Herpes simplex virus 1 infection is a common disease. The virus enters the host through mucous membranes (typically saliva) or skin lesions, where it can cause cold sores, however, it can also cause genital herpes via orogenital contact.
The infection is usually asymptomatic, so most people who have it are unable to notice it. When symptoms occur, lesions can be observed in the mouth and surroundings, which previously produce a burning or tingling sensation. After the first infection, the lesions may recur periodically, with the frequency varying between individuals. Genital herpes is characterized by genital or anal vesicles or ulcers.
The virus is highly contagious when ulcers are present, which is why people with active symptoms of herpes should avoid oral contact with other people, as well as avoid sharing objects that have been in contact with the person’s saliva. with herpes.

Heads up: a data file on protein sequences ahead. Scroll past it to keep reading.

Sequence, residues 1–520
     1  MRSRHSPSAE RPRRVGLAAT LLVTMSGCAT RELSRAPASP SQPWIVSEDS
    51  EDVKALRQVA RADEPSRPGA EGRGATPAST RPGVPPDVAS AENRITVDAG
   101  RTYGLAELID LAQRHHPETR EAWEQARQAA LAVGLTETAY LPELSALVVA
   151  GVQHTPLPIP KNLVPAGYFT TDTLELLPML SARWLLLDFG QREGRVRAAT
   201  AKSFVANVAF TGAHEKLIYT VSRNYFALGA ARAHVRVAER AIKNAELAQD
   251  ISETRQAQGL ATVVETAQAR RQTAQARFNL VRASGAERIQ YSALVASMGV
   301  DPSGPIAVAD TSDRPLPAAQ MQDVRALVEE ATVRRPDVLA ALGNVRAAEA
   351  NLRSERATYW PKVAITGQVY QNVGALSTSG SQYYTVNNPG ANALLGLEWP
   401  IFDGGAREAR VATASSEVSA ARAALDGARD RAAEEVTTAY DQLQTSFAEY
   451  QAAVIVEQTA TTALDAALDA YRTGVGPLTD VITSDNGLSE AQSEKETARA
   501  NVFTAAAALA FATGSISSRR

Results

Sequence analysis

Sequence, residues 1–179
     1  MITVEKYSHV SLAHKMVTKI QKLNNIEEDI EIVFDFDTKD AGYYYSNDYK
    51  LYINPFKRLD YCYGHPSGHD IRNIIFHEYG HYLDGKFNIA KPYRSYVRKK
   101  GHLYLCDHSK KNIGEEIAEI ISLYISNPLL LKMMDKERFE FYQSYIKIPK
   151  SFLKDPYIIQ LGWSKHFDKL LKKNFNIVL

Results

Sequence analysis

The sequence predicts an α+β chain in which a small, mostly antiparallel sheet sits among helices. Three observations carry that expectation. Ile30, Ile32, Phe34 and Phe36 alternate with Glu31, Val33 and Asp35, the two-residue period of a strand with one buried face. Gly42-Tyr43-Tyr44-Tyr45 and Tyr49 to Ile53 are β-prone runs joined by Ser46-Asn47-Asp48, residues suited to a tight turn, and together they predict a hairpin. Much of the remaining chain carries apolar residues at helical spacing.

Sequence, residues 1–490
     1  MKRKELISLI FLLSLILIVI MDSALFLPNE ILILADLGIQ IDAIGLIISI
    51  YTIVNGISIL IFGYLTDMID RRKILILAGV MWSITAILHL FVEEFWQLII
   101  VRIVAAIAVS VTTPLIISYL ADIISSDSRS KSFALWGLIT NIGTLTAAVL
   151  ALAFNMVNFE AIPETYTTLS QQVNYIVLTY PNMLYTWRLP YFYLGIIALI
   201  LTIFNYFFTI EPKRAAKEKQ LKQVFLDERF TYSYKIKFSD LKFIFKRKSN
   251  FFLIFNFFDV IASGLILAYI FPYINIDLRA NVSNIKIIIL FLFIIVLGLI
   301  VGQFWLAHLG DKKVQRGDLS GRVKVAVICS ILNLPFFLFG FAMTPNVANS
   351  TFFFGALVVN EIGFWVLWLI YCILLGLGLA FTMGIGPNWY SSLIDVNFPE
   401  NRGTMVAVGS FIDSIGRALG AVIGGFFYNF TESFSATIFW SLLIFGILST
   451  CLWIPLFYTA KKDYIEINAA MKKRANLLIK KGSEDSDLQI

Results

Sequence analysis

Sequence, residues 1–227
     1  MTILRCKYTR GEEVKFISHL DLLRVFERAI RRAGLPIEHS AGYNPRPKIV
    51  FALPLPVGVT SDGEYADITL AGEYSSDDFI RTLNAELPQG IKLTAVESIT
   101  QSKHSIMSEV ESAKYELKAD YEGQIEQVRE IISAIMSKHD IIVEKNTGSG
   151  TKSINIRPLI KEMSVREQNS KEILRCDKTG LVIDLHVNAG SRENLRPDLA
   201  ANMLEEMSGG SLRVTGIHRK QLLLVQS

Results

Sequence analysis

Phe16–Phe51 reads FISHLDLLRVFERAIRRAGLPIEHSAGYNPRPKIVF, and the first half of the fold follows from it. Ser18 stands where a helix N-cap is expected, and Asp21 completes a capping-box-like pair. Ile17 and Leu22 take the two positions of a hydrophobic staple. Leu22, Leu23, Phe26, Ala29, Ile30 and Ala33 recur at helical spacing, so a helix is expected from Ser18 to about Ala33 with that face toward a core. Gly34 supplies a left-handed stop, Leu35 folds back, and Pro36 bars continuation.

HSV-2 is transmitted mostly during sexual intercourse, where there is contact between the genitals, skin, or fluids of a person infected with herpes. Transmission frequently occurs in the absence of symptoms.
Although rare, the virus can be passed from mother to newborn during childbirth and cause neonatal herpes.
Genital herpes infection is usually asymptomatic, or mild symptoms are present. When symptoms do appear, viral infection is characterized by the presence of vesicles or ulcers on the genitals and anal region, which may be accompanied by fever, pain, and adenopathy.